So...by now you've probably guessed the one little problem that comes under the heading of 'the law of unintended consequences': we made it SO easy to apply for angel funding, and many entrepreneurs are SO hungry for funding, that unfortunately a large number of startups began to indiscriminately throw applications in to every angel group in their country. They would do this without having taken the time to determine if the group was an appropriate match, or even if the group would accept applications like theirs. This put a real burden on the groups (many of which, after all, have no full time employees), and meant that the smart entrepreneurs, who had carefully researched the one or two most logical angel groups for their business, were getting drowned out by the spammers.
We therefore put our heads together with the angel groups and their national associations, and came up with a solution. It's not perfect (and we continue to think about better ways to do this), but for now, here's the way it works: any entrepreneur may apply to any angel groups he or she wants, however after you've applied to three different groups, any additional applications outstanding at the same time are marked for the receiving group as a "Bulk Submission", alerting them to the fact that this particular entrepreneur is not being selective in his or her funding search.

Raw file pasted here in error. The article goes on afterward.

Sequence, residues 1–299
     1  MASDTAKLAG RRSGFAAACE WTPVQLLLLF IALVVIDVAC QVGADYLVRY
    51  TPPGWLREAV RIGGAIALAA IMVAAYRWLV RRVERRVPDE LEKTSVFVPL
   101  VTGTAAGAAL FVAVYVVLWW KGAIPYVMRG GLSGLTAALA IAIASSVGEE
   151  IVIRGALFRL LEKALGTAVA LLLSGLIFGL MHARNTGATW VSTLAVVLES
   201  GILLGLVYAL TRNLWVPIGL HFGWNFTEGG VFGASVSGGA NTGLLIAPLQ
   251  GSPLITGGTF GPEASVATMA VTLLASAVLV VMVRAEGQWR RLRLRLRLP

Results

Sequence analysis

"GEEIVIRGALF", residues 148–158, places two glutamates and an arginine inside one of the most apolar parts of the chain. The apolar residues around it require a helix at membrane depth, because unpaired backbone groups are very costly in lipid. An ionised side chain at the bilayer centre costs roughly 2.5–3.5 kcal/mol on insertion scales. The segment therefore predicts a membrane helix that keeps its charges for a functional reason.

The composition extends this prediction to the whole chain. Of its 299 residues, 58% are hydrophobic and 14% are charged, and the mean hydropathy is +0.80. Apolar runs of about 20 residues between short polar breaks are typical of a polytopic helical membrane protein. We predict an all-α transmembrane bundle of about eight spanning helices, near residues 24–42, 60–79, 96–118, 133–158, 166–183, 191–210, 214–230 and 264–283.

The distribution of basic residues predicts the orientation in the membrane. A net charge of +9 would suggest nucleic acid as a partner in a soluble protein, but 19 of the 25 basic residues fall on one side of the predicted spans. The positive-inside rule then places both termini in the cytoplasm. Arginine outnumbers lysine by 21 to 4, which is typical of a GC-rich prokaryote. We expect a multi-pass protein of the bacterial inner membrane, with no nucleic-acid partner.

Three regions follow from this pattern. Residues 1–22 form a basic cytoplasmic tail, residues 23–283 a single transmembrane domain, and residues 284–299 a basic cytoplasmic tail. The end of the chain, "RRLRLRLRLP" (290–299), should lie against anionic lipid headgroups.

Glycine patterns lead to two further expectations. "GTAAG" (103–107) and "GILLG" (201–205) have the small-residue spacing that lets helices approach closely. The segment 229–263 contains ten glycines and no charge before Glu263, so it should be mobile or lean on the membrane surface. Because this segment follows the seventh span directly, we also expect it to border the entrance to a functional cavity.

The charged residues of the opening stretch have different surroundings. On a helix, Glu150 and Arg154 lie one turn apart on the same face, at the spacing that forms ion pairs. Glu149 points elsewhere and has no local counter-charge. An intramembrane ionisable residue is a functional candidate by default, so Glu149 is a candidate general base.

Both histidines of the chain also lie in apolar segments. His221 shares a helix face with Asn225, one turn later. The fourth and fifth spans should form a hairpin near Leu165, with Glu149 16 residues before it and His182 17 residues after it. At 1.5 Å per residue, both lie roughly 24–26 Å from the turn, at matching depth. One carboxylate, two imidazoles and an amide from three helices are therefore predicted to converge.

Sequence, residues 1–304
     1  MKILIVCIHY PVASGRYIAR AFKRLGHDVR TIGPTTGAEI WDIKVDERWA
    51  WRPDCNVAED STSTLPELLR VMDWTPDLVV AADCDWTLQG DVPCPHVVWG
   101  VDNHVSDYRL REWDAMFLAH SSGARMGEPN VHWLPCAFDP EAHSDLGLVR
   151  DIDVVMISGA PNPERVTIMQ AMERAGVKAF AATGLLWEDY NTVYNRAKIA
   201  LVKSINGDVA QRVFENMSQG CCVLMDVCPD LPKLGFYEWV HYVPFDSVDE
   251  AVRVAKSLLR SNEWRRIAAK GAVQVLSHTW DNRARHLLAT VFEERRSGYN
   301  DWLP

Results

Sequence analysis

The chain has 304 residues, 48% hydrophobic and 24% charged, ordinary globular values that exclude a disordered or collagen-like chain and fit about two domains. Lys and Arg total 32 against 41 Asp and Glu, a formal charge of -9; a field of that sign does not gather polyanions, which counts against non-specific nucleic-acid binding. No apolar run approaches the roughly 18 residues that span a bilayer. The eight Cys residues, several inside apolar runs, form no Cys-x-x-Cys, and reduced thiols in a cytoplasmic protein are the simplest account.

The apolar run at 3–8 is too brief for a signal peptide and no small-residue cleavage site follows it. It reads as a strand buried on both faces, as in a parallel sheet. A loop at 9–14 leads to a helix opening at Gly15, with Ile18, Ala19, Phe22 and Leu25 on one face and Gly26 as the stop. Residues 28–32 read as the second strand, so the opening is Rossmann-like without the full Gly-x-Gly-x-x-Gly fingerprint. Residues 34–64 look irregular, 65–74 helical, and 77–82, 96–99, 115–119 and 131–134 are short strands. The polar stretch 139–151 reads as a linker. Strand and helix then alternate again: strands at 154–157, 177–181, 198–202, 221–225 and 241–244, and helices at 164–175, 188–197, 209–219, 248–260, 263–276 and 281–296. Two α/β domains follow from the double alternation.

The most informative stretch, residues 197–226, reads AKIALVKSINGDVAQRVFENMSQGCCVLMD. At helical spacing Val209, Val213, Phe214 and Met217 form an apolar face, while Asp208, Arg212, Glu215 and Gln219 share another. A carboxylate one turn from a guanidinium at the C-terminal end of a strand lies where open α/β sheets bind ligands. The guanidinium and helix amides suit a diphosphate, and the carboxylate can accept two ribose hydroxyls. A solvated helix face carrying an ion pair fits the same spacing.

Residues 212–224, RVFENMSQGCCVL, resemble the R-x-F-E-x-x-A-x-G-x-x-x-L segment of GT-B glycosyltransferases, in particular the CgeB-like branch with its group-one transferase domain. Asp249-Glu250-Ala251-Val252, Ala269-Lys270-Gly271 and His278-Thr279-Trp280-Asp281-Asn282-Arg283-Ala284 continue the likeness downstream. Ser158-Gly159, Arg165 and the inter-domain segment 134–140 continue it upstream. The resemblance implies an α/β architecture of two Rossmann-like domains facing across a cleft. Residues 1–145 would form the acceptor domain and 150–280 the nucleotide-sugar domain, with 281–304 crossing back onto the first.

But we then needed to come up with a solution for the legitimate entrepreneur who wanted to cast a wider net for investors without spamming. The result was Open Deals, which functions somewhat like a giant, global angel group. All 30,000+ accredited angel investors on the platform can browse through this area to find opportunities to bring into their own groups. Because this is a value-added feature that is only possible because of the platform we created, this is the only place that Angelsoft itself charges anything. For $250 you can post your full company profile, including a video and other documents, into Open Deals for 30 days. This isn't a panacea, since only about 2% of companies seeking angel funding get funded (that number, by the way, is across the board, whether you seek it from individual angels, groups, super angels, Open Deals, angel list, etc.) But for many companies it provides a quick way to test their 'angel readiness', and some of the more successful Open Deals postings have resulted in referrals to 10 or even 20 different groups.
In the future, we look forward to building on the current Angelsoft platform to provide many more tools (a lot of them free) for smart entrepreneurs to find smart investors. So if you have suggestions for ways in which we can help streamline and power your angel/venture funding search, we'd love to hear from you. Feel free to drop me a note directly at david [at] angelsoft [dot] net.
In addition to the excellent angelsoft resource, you may also want to go check adwebix.com, a leading online hub connecting entrepreneurs with investors, and join the community. Once you join adwebix you can post your funding request and contact members directly, completely free, there are no fees on adwebix.
Also, you may want to apply to present in front of Vantec - Vancouver-based angel group. There are no up-front charges to entrepreneurs. http://vantec.ca/vantec-guidelines-for-entrepreneurs/